By Jennifer Mrozowski
The Cincinnati Enquirer
Fifth-grader Jennie McCommons can't wait for a bigger library that actually has windows, locker rooms with working showers, air-conditioned classrooms and better food in the cafeteria.
At the Academy of World Languages in Evanston, German teacher Linda Hall looks at the deteriorating window frames in her classroom.|
(Glenn Hartong photo)
| ZOOM |
While she may be stuck with the same chicken nuggets and green beans, Jennie's other wishes are likely to come true when construction starts on a new Academy of World Languages school in Evanston in about 2005.
Students and teachers across Cincinnati were jubilant Wednesday over the passage of an unprecedented $480 million bond issue to build 35 new schools and renovate 31 more throughout Cincinnati over the next decade.
They said the election victory felt sweeter since a bond issue for the same amount failed last November by just 611 votes of more than 90,000 cast. On Tuesday, 52 percent of the voters approved the measure.
"I think it's cool," Jennie, 10, said. "We're going to get air conditioning. Now, when it's hot outside and windows are open in the classroom, insects fly in. Girls don't like bugs."
The students and teachers also say they don't like the aluminum frame windows that leak, the cracked foundation where the buildings are settling, the damp musty smell in the windowless library and the heavy heat that settles in classrooms that don't have window air conditioners.
That's all to change.
Thanks to the passage of the bond issue, Cincinnati Public School buildings, 61 years old on average, will be rebuilt, beginning with Rockdale Elementary in Avondale.
Groundbreaking for that school may happen this month, school officials said. Architectural work has already begun on some of the first 17 schools in the first segment of the four-segment building project.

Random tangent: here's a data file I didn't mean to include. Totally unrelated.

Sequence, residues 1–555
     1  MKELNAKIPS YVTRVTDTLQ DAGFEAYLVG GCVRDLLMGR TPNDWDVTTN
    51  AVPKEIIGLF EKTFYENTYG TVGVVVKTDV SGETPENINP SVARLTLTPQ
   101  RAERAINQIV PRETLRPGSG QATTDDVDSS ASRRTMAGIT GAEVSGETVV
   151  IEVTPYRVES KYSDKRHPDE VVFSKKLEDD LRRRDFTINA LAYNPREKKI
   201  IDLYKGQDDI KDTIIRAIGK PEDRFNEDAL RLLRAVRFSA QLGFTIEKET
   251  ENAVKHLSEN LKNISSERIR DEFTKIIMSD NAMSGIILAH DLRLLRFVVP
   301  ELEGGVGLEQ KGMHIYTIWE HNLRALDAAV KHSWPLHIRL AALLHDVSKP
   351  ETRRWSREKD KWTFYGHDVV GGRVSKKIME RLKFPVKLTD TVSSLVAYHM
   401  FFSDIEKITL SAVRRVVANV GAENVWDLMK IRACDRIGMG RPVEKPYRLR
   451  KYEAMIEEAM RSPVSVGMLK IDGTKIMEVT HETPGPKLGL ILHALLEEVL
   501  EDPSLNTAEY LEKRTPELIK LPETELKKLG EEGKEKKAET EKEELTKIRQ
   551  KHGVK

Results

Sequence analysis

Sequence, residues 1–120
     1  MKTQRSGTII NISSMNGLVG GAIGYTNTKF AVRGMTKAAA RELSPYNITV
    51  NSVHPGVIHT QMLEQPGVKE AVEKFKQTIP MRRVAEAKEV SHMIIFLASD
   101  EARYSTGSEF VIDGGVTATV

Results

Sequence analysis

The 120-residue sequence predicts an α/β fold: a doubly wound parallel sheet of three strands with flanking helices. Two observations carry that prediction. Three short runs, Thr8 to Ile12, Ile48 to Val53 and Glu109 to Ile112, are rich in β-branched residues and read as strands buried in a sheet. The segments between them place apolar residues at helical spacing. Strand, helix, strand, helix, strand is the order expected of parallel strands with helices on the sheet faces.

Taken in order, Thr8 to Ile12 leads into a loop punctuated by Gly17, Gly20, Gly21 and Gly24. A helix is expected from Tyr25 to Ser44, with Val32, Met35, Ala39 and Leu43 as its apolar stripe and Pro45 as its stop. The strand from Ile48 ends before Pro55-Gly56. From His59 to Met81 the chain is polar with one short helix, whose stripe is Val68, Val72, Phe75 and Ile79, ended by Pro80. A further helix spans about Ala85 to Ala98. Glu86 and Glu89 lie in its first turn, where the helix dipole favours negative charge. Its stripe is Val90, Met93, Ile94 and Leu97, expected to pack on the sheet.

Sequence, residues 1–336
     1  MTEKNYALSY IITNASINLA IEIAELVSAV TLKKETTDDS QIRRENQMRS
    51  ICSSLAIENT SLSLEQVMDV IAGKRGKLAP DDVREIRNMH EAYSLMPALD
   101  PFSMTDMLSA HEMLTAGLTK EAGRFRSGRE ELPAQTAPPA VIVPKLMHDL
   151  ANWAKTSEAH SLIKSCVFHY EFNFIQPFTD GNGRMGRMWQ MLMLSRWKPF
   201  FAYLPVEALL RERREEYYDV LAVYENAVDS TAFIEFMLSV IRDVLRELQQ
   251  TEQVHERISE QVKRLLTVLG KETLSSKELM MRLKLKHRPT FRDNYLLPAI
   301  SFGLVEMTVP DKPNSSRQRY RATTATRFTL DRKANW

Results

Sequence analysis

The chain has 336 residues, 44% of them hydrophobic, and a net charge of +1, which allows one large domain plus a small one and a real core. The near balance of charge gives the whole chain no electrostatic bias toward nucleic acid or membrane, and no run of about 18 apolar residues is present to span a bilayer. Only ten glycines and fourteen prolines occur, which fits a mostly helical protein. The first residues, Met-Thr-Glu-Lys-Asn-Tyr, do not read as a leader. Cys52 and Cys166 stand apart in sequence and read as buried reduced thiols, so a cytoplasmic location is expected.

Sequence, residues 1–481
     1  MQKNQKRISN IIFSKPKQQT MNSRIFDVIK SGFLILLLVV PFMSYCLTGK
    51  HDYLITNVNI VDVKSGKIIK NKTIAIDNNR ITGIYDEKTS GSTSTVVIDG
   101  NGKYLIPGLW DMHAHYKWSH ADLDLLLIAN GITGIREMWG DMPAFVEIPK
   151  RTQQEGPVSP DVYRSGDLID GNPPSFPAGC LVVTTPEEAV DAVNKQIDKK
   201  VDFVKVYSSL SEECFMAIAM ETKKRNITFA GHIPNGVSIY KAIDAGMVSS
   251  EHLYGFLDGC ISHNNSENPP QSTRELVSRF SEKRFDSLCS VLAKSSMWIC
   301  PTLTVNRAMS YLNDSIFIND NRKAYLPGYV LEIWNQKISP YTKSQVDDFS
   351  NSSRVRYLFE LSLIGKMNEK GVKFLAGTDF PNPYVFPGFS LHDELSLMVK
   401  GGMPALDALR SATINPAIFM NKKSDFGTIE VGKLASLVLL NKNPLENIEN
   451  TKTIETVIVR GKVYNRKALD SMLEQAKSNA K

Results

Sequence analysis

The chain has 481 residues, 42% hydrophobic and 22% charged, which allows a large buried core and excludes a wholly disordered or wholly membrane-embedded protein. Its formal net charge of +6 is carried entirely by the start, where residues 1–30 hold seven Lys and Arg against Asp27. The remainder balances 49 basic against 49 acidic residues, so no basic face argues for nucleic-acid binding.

Besides a computerized climate-controlled heating and cooling system, the classrooms in new and renovated schools will be equipped for modern technology with voice, video and data ports.
All schools will have science labs that are outfitted with cabinetry and equipment.
The classrooms will have new student desks, tables and chairs. Every room also will include filing, coat and storage cabinets, sinks and a drinking fountain.
Each school will have a "cafetorium," which is a combination of an auditorium and cafeteria. The cafeteria will have a stage at one end, in some cases behind a moveable wall.
Every K-8 school will have a junior high competition-level gymnasium with a wood floor and a minimum of 250 seats. High schools will have high school competition-level gymnasiums with a wooden floor and a minimum of 1,000 seats.
Most schools will be built for 650, 550, 450 or 350 students.
"The larger schools are more cost-effective," said district spokeswoman Janet Walsh. "As these new schools are built, we're taking into account demographic shifts. We'll be eliminating schools with populations too low to be cost-efficient as schools."
The district will have 14 fewer schools by the end of the program.
The buildings also will be designed to incorporate classroom pods of four to five teachers each. Several classrooms will be connected by central learning areas, where classes can work together in groups or where teachers can work in small groups with students.
"This model lends itself to the type of work we engage in today - just as businesses function with groups of people collaborating to solve problems," said Sue Taylor, president of the Cincinnati Federation of Teachers. "It lends itself to that exchange of ideas."
Teachers and students say they can't wait for the new buildings.
Linda Hall, an Academy of World Languages German teacher, said her students have asked her why they were placed in the worst classroom in their school. The plaster is chipping from the windows, the ceiling tiles are stained from leaks and water leaks through her windows when it rains or snows.
She said it's hard for teachers and students to work with sweat dripping down their legs when it gets hot or bitter cold wind whistling through windows in the winter.
"Most professionals have better working conditions than most Cincinnati Public School teachers," she said.
"We have a lot of things that need to be fixed and rebuilt," said sixth-grader Adrian Daniels, 12. "Since we passed the levy, maybe students like myself will be able to learn better."
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